Pets are Good for Our Mental Health: Pet Therapy
In this age of research and technology, we are understanding more and more about the biochemical and physiological actions that affect our well-being. We rely greatly on the technology of medicine to maintain and heal our minds and bodies. It's refreshing to know that the evidence is supporting a simple fact most of us already know: pets are good for us.
Maddox, Certified Therapy Dog, Offers Comfort and Encouragement
I've used horses for years to help people successfully heal from difficult times in their lives. Recently, I've been lucky enough to add another four-legged partner to my practice--Maddox, a certified therapy dog. Maddox is a two-year-old mixed breed I adopted from a local rescue agency. Within the first week of owning Maddox, I realized his attentiveness to people and his calling as a therapy dog. His favorite activity is offering himself to be petted, followed closely by napping. Maddox always unconditionally welcomes people and offers his support. He's played dress-up with a pink feathered boa during play therapy, while offering comfort to a young girl who had lost both of her parents. He's helped to encourage a veteran to see the world beyond the wheelchair he had been confined to for the past two years.
Pets Make You Feel Loved and Important
Maddox is the same as most pets. He'll be your confidant and never tell anyone your secrets. He'll give you a shoulder to cry on or a good laugh when you need it. If you own a pet, you have a valuable ally. They make you feel important and never forget to tell you that you matter. They are always glad to see you, whether this is the first time you've met, you returned after one minute, or two months. YOU are the greatest thing in his or her life. This attitude in itself helps improve your mood and subsequent outlook on life, giving us a healthier perspective to face the challenges that lie ahead of us.
Unconditional Love Along with a Wagging Tail
Maddox won't give up on you. He has every confidence that you have what it takes to be okay. Many of my clients have been through difficult situations, or done things they regretted. They've been mistreated and rejected by friends and family. Maddox and their own pets still believed in them and had faith that they were able to overcome the obstacles in their lives. They shared a steady belief that their people are good with positive things to offer. This unconditional support, along with a wagging tail or twitching nose, can be the message that helps people keep on going when they want to give up.
I have a photo on my wall of my horse, Breen, who was rescued from a medical facility when she was eight months old. One woman who experienced
significant reflection by her parents through repeated and severe abuse as a child and into adulthood will often look at Breen's photo and tell herself: "She's a survivor, and if she can do it, so can I." She keeps a smaller copy of the photo with her at home.
Any kind of Pet can be beneficial to people. Even watching fish in an aquarium has shown to help reduce muscle tension and pulse rate. One man who suffered with the effects of PTSD following his return from war, found that feeding and caring for his fish gave him a reason to stay active in the world instead of giving up on life.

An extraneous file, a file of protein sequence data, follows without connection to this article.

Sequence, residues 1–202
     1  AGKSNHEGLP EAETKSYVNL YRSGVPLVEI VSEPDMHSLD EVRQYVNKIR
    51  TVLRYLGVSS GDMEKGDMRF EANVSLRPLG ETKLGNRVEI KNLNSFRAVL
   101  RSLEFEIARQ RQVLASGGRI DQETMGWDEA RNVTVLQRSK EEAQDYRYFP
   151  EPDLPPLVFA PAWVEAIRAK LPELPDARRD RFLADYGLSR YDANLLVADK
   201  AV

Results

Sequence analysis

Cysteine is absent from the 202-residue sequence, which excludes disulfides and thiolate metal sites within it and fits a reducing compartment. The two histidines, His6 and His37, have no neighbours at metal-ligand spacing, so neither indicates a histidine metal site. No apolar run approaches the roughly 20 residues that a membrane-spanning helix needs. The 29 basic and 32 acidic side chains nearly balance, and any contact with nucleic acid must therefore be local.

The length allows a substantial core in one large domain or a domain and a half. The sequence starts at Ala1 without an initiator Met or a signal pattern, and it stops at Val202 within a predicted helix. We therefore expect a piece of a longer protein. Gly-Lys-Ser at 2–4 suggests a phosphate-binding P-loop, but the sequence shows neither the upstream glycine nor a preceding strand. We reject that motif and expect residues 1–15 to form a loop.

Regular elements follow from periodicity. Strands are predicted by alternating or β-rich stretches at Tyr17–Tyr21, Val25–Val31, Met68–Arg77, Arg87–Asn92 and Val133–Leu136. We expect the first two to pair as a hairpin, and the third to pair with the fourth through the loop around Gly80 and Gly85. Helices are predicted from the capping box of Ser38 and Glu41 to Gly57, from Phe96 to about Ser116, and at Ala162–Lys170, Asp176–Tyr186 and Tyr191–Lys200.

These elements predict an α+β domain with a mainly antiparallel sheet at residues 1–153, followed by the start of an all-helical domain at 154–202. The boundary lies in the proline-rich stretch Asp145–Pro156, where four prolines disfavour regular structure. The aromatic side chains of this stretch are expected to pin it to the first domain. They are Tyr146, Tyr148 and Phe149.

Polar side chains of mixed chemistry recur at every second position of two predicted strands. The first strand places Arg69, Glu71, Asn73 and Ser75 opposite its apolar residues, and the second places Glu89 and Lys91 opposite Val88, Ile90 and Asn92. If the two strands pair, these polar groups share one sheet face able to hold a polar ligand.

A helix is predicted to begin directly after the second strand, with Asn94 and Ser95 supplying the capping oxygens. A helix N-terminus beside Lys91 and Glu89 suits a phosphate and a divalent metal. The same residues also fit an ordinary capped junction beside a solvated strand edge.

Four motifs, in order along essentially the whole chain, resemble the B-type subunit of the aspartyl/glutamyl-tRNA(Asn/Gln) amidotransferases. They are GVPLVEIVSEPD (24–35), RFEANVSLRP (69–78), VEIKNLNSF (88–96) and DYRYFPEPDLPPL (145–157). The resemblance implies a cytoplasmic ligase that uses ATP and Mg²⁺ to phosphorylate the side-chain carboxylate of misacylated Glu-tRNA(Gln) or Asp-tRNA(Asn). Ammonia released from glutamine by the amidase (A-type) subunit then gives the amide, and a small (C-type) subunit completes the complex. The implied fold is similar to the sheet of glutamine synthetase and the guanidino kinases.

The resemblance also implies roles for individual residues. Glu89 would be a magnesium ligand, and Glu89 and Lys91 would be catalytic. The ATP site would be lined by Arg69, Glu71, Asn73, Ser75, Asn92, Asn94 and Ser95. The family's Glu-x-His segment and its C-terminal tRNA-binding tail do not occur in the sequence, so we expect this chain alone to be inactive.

Pets Help Relieve Loneliness
Depression and loneliness often go hand-in-hand. People who are depressed have a tendency to withdraw from others. Sometimes pets are the only family some people have. Knowing that their pets are happy to fill in the lonely spots in their lives and families, helps people to feel better and connected.
Pets help increase social exposure. Dogs need walks . This gets the person holding the leash out with other people. Having the dog with you helps break down barriers. People tend to approach people with pets more frequently, and they provide a topi for conversation, increasing success in social situations and subsequently self-esteem. The military has recently begun using dogs as a part of therapy helping veterans returning from war recover from PTSD. The early findings are that the effectiveness of pairing a soldier with a dog for treatment is equal to medication in alleviating symptoms.
Not only do pets help keep us from being lonely they help take the focus off the owners problems. You have made the commitment and must care for and feed your pet. When a person's focus is outward, they are not able to dwell on their own depressed mood and problems as much. They can help a person get "unstuck".
Pet Ownership is Not For Everyone, but Maddox is Here if You Need Him
For some, the investment of time and money prevents them from caring for another life. If someone is experiencing severe symptoms of a mental health condition that would prevent them from being able to meet the needs of an animal, or simply isn't and animal person, adopting a pet would not be a good answer. If you determine that you are not able to care for an animal, this does not make you a bad person, it makes you a responsible one. Besides, Maddox is always here if you need him.
For more information on how Chantelle Grant and Maddox can help you, please contact us.
Article Written by: Chantelle Grant, LCSW